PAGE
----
Sustainable Biodigester - Cook Stove - Fertilizer System to Promote Community Well-being for Indigenous People of Ecuador

Hollinbeck, Mesa and Ballantyne, Rachel and Williams, Laurie and Shuler, Phil (2009) Sustainable Biodigester - Cook Stove - Fertilizer System to Promote Community Well-being for Indigenous People of Ecuador. [Abstract]

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Abstract

The acquisition and use of biomass fuels for heating and cooking presents a ubiquitous problem for the majority of people on three continents. Inefficient cooking and heating practices (wood burns at 5–8% efficiency and cow dung at 3–5%) not only pollute the home but deplete biomass resources and require increasing amounts of time and energy for fuel acquisition. These factors challenge the sustainability of local and global environments as well as the health and economic prosperity of vast numbers of people in the developing world. In response to these issues, Fort Lewis College students and faculty received a phase I, EPA P3 grant which was used to design and build two biogas digester prototypes. Working with faculty, students also designed a low cost cook stove capable of burning the biogas produced, and evaluated biogas slurry application as an appropriate and effective soil fertility amendment. Phase I prototype digesters demonstrated the feasibility of biogas generation, using simple materials such as trash cans, oil drums, and polyethylene bags. A full scale digester, based on prototype biogas production volumes, would range from 5000 to 9000 liters, depending on the design implemented (fixed drum or polybag). This digester volume is projected to meet the cooking needs of a typical Ecuadorian family of six, 2m3 gas /day. In addition to producing methane gas for cooking and heating, the system produces significant quantities of bio-digested manure. The bio-digested manure was applied as a fertilizer to potatoes and a newly established grass pasture mixture. Potato shoot dry weight at harvest was 132% and 131% of control dry weight for low and high applications of bio-digested manure, respectively. There was a 51% difference and 80% difference in dry weight yield from control between low and high applications of bio-digested manure for pasture grasses. Biogas utilization for cooking, and for the production of anaerobically digested manure is a unique and realizable opportunity for a vast number of people and communities in both the developing and developed world. Positive impacts are possible in terms of quality of life (reduced time for fuel collection, reduced fuel costs, and improved sanitation, increased crop yields), improved health (reduced indoor smoke from clean burning biogas), economic savings and/or earnings (eliminates need for purchasing traditional fertilizers and creates an opportunity to sell excess manure generated by digesters), and environmental responsibility (utilizes renewable resource and enhances soil fertility).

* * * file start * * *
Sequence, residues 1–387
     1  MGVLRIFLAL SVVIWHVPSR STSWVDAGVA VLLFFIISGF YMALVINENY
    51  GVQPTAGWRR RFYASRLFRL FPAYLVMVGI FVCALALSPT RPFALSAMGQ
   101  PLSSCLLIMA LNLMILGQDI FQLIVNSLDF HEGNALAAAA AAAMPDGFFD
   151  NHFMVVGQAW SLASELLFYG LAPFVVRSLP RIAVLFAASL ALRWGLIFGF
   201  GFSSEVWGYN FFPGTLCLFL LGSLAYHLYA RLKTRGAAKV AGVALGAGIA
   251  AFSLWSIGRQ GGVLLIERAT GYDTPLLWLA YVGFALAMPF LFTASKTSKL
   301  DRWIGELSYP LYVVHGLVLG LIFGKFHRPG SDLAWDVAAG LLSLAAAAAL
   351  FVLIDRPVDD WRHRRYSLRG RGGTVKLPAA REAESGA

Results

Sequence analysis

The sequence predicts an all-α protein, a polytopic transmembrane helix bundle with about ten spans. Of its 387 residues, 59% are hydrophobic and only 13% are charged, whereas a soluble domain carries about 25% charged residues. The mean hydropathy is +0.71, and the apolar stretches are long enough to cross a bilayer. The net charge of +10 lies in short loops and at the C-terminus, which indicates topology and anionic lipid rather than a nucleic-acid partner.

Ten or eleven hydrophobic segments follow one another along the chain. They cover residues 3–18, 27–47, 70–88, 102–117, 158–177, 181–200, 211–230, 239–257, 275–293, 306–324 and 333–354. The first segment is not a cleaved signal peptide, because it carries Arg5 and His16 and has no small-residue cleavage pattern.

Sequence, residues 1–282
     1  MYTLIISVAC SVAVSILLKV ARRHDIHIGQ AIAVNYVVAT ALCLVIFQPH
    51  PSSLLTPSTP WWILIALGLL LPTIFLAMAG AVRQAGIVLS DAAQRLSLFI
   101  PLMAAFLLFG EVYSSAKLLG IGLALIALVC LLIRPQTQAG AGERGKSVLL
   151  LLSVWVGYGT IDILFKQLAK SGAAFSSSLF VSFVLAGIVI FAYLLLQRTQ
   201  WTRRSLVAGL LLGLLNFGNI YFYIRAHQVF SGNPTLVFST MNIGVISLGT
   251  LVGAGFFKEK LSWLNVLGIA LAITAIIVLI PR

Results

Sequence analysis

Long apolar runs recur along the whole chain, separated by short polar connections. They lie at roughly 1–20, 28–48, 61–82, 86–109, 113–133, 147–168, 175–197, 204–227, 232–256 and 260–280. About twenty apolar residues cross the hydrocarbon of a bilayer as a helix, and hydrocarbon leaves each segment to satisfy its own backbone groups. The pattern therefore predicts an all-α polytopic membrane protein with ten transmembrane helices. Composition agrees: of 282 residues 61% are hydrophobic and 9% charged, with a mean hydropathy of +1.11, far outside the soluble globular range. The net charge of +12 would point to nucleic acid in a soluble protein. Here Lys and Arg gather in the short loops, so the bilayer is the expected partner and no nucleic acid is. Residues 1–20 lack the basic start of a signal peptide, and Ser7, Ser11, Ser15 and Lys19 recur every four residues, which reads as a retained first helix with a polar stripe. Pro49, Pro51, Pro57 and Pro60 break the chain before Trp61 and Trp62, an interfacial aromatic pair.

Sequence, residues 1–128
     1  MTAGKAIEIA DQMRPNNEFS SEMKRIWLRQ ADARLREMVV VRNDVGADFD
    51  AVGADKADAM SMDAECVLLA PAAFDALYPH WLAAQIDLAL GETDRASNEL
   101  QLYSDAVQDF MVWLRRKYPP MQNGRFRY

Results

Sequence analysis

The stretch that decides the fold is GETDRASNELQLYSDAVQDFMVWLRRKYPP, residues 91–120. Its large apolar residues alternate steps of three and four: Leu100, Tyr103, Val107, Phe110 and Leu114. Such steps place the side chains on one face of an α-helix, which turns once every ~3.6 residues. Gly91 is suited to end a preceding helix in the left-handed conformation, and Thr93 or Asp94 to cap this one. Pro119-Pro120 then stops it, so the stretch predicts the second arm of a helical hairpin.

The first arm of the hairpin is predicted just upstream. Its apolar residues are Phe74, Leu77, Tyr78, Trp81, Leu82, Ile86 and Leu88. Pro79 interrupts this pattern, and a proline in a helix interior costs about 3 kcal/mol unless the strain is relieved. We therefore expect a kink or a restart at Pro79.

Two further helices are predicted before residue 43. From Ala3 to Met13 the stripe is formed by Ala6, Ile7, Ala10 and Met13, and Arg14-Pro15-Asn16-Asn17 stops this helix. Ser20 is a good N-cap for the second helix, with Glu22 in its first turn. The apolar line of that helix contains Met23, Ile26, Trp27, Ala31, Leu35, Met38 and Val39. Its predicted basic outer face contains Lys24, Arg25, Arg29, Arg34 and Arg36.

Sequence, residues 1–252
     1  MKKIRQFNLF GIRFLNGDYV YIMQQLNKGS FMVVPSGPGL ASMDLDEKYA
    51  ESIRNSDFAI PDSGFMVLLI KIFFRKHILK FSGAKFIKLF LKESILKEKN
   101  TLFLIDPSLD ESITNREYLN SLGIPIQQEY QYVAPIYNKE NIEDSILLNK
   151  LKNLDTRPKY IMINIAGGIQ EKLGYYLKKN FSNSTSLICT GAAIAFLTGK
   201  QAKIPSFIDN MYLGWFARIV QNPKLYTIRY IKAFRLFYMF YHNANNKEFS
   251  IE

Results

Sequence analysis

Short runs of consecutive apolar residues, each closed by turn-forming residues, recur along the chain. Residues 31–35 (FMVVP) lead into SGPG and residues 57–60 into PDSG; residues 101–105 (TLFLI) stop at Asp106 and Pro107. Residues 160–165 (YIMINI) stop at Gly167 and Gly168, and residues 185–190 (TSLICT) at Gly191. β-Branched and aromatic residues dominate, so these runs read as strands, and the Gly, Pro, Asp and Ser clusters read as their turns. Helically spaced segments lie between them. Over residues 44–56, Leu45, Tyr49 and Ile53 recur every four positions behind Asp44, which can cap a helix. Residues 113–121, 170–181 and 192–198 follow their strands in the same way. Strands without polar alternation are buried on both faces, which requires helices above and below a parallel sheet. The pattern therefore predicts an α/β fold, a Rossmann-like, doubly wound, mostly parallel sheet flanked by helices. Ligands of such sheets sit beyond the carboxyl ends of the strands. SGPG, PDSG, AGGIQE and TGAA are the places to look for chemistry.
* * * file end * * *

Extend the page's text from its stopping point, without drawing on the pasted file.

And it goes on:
Item Type: Abstract
Created by Student or Faculty: Student
Additional Information: 4th Annual Natural & Behavioral Sciences Undergraduate Research Symposium Program
Uncontrolled Keywords: Biomass fuels, Biomass Energy, Environmental Impact, Cooking, Risk Factors, Fuel, Alternative Fuels, Energy Consumption, Rural Poor, Indoor Air Pollution, Public Health, Sustainability, Indigenous People, Ecuador, Developing World
Subjects: School of Natural and Behavioral Sciences > Engineering
School of Arts, Humanities, and Social Sciences > Native American and Indigenous Studies
NBS Symposium
School of Natural and Behavioral Sciences > Physics
Depositing User: Alejandro Marquez
Date Deposited: 26 Jun 2013 10:36
Last Modified: 26 Jun 2013 10:36
URI: http://eprints.fortlewis.edu/id/eprint/445


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